Tell us about what excites you most about Cornell Engineering and/or studying engineering at Cornell University. How do you see yourself becoming a part of the Cornell Engineering community?
Engineering combines everything I love into one academic discipline. It is based on Mathematics and Physics, my two favorite subjects in school. But more importantly, Engineering is the theoretical made practical. It is the translation of brilliant, innovative ideas into real world solutions to major global problems.
From my point of view, one of the most serious problems the world faces today is the looming water crisis. Traveling with my church mission group, I saw families who had no reliable source of clean drinking water. Later I wrote a paper on the subject and learned that 783 million people have no access to clean water. For me that was almost inconceivable. I firmly believe that my generation must find a solution to the global water problem. Because I want to be someone who contributes to finding that solution, I am interested in either the Environmental Engineering major or the Civil Engineering major with a fluid mechanics hydrology/water resources focus.
I know that the path to the solution must include experimentation and that excites me because I love designing experiments to do in school. I find it fascinating when you apply a very complicated concept to a simple experiment. For example, examining the motion of paper airplanes. What happens if you change the angle that the planes are thrown at? Will the distance-travelled change? It is truly amazing when you get the results you thought you would, but it is even better (at least as far as I’m concerned), when you get a set of unpredicted results and you need to find what’s wrong with your experiment and then fix it.
Of course laboratory and research resources are essential for anyone who is serious about science of any kind. In the beginning of the school year, I was excited to carry out some of the experiments I had thought of during the summer, but my school did not have the appropriate equipment, for example a slow motion camera or radioactive elements, in order for me to do so. I was very disappointed that I had to think of other, more simplistic, experiments than investigating the relationship between a bubble’s diameter and its expansion before it pops. I know that I will not confront those limitations at Cornell. With all of the resources and the equipment available to students, I could experiment on bubbles in an infinite variety of ways.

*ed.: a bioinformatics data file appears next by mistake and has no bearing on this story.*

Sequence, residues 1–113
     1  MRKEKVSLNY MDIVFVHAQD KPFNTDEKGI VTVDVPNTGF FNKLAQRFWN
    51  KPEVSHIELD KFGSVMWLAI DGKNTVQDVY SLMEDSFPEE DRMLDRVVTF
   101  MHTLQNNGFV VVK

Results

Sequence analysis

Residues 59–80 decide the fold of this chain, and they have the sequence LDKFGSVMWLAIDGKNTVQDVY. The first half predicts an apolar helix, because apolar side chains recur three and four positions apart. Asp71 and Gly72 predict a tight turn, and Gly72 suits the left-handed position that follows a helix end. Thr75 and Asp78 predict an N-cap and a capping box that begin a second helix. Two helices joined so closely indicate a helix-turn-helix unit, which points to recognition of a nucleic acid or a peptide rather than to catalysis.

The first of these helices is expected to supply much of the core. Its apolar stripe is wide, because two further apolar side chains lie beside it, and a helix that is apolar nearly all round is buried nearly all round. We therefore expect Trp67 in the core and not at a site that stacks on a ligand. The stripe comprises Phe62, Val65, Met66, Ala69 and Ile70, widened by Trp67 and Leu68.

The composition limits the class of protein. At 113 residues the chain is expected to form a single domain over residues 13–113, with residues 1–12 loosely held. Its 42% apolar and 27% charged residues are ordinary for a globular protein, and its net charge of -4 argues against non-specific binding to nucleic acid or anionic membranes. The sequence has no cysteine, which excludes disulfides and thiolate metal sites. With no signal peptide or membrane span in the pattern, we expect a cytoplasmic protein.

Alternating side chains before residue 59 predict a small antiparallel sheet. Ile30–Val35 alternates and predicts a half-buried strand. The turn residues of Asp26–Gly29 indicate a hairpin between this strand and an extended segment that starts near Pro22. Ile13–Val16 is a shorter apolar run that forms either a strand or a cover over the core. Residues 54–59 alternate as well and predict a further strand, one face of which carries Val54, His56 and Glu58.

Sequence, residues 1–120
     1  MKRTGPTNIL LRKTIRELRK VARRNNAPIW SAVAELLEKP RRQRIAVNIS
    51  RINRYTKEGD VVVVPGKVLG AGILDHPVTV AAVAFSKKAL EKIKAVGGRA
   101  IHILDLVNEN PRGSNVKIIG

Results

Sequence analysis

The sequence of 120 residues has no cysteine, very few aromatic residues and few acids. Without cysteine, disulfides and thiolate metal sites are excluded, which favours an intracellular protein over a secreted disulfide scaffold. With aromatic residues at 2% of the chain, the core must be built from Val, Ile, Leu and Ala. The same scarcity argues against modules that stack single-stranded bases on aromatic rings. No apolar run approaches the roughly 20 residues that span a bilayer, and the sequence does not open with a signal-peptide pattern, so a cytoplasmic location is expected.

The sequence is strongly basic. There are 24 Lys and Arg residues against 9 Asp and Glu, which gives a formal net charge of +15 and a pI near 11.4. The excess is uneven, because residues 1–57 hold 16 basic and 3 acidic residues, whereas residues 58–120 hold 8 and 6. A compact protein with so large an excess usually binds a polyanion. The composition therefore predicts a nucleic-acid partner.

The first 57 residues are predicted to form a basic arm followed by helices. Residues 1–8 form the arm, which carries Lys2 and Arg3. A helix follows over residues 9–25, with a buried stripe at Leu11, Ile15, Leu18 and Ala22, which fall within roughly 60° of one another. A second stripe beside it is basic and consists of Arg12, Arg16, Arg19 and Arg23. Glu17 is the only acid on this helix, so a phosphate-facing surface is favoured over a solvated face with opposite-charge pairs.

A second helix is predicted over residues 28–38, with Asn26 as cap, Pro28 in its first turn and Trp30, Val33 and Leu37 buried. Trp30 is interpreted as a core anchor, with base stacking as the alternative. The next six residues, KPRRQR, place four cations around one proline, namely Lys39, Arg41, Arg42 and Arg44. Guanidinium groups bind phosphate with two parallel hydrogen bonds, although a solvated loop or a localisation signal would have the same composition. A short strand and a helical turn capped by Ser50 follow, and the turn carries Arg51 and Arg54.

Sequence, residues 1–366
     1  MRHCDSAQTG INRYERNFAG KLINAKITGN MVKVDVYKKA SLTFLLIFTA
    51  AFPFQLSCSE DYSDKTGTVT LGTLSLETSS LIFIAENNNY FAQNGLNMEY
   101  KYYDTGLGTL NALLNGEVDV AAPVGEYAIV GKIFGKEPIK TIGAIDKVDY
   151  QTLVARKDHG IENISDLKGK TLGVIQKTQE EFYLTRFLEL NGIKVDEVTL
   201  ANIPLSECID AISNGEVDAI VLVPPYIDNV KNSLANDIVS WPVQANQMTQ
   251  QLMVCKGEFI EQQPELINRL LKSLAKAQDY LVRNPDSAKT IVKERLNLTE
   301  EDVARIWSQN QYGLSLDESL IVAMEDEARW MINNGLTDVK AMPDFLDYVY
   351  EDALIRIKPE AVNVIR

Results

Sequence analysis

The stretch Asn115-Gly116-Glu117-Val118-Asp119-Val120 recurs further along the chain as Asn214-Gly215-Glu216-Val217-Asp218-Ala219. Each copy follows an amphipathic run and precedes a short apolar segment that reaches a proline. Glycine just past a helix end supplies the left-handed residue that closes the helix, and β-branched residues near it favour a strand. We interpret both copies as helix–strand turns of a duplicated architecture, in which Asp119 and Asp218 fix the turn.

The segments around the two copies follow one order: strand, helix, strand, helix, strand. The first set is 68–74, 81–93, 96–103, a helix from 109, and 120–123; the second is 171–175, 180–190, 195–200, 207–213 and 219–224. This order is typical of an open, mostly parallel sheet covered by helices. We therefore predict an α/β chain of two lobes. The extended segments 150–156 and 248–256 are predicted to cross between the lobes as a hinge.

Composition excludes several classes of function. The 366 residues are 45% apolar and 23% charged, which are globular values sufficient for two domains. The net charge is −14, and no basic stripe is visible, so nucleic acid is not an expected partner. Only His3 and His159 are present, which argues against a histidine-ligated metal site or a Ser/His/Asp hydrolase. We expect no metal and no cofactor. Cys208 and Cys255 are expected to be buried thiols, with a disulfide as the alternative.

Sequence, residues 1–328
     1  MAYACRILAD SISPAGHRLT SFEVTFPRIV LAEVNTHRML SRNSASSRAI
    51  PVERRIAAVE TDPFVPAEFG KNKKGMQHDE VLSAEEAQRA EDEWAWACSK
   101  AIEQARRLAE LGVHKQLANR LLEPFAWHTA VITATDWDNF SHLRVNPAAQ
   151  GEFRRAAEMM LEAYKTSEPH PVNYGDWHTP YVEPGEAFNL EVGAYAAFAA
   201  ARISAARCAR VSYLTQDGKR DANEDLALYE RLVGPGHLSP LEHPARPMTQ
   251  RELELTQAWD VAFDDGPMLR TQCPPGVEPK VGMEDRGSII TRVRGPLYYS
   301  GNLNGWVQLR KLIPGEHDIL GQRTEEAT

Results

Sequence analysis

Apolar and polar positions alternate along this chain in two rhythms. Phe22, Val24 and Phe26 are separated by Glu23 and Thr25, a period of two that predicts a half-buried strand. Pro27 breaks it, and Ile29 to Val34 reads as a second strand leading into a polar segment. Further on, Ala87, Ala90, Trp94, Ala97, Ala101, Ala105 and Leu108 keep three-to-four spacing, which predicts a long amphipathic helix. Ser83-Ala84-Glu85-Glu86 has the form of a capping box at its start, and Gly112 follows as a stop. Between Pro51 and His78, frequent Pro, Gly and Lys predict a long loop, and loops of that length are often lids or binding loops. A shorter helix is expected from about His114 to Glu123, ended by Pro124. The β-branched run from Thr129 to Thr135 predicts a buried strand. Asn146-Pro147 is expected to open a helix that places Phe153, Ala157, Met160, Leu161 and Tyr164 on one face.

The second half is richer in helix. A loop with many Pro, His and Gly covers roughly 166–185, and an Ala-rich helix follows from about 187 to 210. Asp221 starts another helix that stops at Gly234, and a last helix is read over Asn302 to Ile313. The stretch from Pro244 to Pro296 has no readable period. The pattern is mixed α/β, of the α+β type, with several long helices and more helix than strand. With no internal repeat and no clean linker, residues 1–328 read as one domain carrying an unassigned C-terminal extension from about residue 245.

Beyond the opportunity to perform experiments on my own, I will have the chance to learn from world-renowned teachers and work alongside amazing researchers, who will inspire and guide me in my research. I am especially eager to learn from and work with Professor Leonard William Lion because his area of interest – sustainable water treatment processes – overlaps with my own interests. He has taken his work to the field through Cornell’s Agua Clara program (a program designed to address the global water problem) and it is already helping people. I know that Professor Lion regularly teaches undergraduates, so that I could start learning from him very early in my college career I would be excited to enroll as a sophomore in his introductory environmental engineering class. Not surprisingly, I’m also very eager to join a group of classmates on one of Agua Clara’s Engineering-in-Context trips to Honduras where I would get a chance to see the water treatment solutions designed by Cornell engineers in action. Even better would be the opportunity to identify and test potential modifications that would make the improve the water treatment process.
Me being part of a solution to solve a global problem, me helping bring drinking water to people in Honduras and India, me getting to spend my days experimenting, me having brilliant teachers and colleagues – that’s the me I will become at Cornell and that’s why I so desperately want to attend.
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